We left home today to head to our little cabin in the Trinity woods, which is even more rustic than our yurt (although it does have a flush toilet, albeit in a water closet 50 yards from the building!). Tonight, we are staying at our friend's little studio in Arcata, which is a cute, has-all-the-essential-features unit, walking distance from downtown. What a different reality than our rural homestead! Most people leave the city to get a break: we enjoy going urban and eating out to enjoy a change of pace.
But the urban scene challenges the locavore and the naturalist, in that the earth beneath your feet is more veiled and obscure. Whereas it has become commonplace for at least several ingredients in each of our nightly dinners to be from our very land, when we patronize restaurants, unless they focus conscientously on local food, we don't know where the lettuce, or fish, or anything else came from. And visiting buildings can be rather disorienting, when you can't remember which way north is, or if they don't take advantage of passive solar day-lighting.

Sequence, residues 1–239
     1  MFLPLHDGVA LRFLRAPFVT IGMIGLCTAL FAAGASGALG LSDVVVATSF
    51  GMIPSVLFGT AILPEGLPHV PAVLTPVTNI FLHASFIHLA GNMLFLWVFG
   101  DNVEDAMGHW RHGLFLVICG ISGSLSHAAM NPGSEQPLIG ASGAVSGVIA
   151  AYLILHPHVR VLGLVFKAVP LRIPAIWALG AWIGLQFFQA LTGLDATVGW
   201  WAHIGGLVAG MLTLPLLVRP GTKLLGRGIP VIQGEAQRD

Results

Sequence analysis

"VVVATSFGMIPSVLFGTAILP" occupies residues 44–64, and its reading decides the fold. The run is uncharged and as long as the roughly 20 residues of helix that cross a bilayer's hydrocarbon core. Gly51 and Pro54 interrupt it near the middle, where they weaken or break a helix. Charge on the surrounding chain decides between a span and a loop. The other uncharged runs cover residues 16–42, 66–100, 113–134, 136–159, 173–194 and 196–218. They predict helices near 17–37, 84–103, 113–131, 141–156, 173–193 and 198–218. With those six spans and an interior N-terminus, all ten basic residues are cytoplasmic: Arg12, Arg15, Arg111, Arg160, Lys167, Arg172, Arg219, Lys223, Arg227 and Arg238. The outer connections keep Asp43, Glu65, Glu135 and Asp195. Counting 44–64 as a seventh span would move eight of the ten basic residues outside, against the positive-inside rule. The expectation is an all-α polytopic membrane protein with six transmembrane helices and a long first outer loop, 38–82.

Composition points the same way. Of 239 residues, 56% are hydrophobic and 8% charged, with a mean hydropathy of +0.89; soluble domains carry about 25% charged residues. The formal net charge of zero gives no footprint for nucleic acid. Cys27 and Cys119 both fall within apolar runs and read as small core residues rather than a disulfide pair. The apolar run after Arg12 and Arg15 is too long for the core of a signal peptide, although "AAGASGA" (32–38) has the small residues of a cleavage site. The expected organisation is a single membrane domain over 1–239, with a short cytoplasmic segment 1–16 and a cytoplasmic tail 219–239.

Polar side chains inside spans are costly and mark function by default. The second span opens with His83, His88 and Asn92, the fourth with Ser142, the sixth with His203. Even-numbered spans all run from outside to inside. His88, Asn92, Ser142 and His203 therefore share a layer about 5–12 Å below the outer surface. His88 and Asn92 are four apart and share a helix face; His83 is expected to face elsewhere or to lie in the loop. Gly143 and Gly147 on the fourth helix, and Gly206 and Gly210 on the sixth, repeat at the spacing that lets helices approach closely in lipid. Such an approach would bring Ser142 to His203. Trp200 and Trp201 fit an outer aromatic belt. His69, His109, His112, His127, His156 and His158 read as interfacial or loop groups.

Though I feel like a fish out of water at moments, for me, it is sometimes an opportunity, to re-orient and re-locate, to hold that space as I walk through the world of disconnect, to hold the space of connection to natural cycles. I hold this vision for the future, where the passage of the sun across the sky is a primary informant of design for buildings and public spaces used by humans.